By 1 p.m. last Sunday, craft time was over in Grace Kids. The Play-Doh, crayons and construction paper had been packed up. But in an apartment just a few blocks away, craft time was just beginning for the Little Steps teachers.
“Where will the arm hole go?” one questioned, wearing an old tablecloth like a toga.
“Is this tail big enough?”
Amid yards of yellow fabric, several bags of filling and a rainbow of scissors, they spent hours sitting on the living room floor. They measured, traced, snipped and glued, making eight costumes to wear at next Sunday’s Grace Kids Costume Party.
The event has taken place each year since around 2010. But becoming just as much of a tradition is the Little Steps teachers’ costume-making party. In years past, they coordinated group outfits. Then last year, they got together to make Play-Doh costumes. And on Sunday, six of the Little Steps teachers spent hours preparing for this year’s party. They’re going as Goldfish — as in the snack.
“I think we all appreciate how funny this is, because we’ve given the kids Goldfish every Sunday for seven years,” said Stephanie, who has served in Grace Kids nearly since the kids ministry began.
Courtney, another teacher, said they wanted to wear costumes that would be both familiar and welcoming to the Little Steps kids, who, at 18 months to 3 years old, are sometimes shy when they first enter the classroom. And in addition, she said, they wanted them to laugh.
“We can laugh at their costumes, but most of the time, at that age, they don’t really understand,” she said. “Unless you’re Elsa, they don’t know who you are. And they don’t really care. But if you’re a Goldfish, or if you’re Play-Doh or something that they recognize, I think it makes the situation even more fun.”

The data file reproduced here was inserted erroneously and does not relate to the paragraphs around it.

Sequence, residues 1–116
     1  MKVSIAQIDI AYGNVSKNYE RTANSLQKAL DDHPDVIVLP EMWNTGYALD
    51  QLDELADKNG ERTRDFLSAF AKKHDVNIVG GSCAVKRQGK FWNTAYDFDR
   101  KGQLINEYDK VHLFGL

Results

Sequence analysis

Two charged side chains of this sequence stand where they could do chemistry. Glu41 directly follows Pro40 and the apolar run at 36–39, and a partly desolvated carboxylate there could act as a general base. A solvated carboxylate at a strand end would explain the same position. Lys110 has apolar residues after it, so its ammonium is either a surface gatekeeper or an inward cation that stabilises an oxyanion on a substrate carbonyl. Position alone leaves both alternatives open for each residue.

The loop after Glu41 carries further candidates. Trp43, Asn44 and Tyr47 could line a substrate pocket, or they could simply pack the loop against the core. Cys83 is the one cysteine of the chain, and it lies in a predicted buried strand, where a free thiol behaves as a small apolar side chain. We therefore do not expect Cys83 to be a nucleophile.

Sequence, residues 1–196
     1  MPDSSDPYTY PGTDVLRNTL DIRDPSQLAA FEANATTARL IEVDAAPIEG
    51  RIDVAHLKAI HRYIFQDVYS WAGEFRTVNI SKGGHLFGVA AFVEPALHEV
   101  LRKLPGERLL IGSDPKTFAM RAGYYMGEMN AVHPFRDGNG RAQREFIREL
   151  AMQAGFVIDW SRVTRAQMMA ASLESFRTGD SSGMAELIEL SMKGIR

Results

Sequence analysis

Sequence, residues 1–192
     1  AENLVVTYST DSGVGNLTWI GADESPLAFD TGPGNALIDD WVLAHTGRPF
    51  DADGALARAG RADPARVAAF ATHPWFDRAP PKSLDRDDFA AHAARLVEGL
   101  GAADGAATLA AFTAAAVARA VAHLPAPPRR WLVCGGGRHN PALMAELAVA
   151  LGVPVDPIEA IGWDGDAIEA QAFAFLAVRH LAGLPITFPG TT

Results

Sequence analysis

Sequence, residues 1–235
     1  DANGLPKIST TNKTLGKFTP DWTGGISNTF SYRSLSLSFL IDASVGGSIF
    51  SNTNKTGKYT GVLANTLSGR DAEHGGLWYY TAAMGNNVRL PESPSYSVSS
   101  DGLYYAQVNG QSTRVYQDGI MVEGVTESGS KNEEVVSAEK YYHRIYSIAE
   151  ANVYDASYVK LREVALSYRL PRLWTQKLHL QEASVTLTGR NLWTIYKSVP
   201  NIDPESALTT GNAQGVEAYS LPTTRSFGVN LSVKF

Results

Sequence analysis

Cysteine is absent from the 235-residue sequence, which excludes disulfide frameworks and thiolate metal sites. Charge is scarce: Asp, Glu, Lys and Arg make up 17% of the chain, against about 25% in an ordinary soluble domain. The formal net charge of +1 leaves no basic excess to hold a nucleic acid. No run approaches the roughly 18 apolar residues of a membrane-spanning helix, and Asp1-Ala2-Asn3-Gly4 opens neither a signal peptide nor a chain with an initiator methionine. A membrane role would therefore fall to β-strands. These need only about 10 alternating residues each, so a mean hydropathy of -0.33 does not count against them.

Sheena, who leads the team, says the costume party has been a great way to bond with the kids year after year. It’s an opportunity to giggle with them, and to connect with them on their level.
But it’s also become a bonding experience for the teachers, some of whom might not know each other well because they serve during different services. This year they made not only costumes together, but also eggs, bacon and hash browns. They gathered around a table to share brunch, as well as old and new memories of serving in Grace Kids.
“It gives us an opportunity to be even more of a team,” Sheena said.
Next Sunday they’ll come together as a team once again, wearing Goldfish costumes as they welcome kids into class. The costumes — mostly yellow fabric and lots of filling — are held together with hem tape and fabric glue instead of sewn. It was easier that way, Sheena says.
But the fact that they used hem tape and fabric glue is somewhat fitting, too. Their bond with each other and with their kids is already built on those sticky moments of childhood — gluey fingers, juice box goo. The connection might start out fluid, but it grows stronger and solidifies with each smile and giggle. And there will be plenty of those next Sunday.
The Grace Kids Costume Party will take place during first and second service on Sunday, Oct. 30. All kids are invited to come in costume!
Are you interested in checking out Grace Kids? Email firstname.lastname@example.org.